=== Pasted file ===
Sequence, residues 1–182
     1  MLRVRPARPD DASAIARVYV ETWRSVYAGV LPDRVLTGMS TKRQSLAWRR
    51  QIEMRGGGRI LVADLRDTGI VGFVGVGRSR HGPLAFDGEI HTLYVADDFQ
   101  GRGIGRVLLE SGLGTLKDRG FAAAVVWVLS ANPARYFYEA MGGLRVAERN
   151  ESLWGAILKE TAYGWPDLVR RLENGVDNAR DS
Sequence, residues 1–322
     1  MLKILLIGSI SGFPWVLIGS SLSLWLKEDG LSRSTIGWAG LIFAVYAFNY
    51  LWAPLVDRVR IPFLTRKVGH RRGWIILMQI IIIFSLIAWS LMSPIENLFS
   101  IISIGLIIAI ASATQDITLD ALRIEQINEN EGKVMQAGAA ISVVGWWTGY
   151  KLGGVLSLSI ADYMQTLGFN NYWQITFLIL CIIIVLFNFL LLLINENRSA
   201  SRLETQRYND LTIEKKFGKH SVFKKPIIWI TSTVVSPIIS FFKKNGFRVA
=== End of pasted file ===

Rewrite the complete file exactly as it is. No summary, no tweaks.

Sequence, residues 1–182
     1  MLRVRPARPD DASAIARVYV ETWRSVYAGV LPDRVLTGMS TKRQSLAWRR
    51  QIEMRGGGRI LVADLRDTGI VGFVGVGRSR HGPLAFDGEI HTLYVADDFQ
   101  GRGIGRVLLE SGLGTLKDRG FAAAVVWVLS ANPARYFYEA MGGLRVAERN
   151  ESLWGAILKE TAYGWPDLVR RLENGVDNAR DS
Sequence, residues 1–322
     1  MLKILLIGSI SGFPWVLIGS SLSLWLKEDG LSRSTIGWAG LIFAVYAFNY
    51  LWAPLVDRVR IPFLTRKVGH RRGWIILMQI IIIFSLIAWS LMSPIENLFS
   101  IISIGLIIAI ASATQDITLD ALRIEQINEN EGKVMQAGAA ISVVGWWTGY
   151  KLGGVLSLSI ADYMQTLGFN NYWQITFLIL CIIIVLFNFL LLLINENRSA
   201  SRLETQRYND LTIEKKFGKH SVFKKPIIWI TSTVVSPIIS FFKKNGFRVA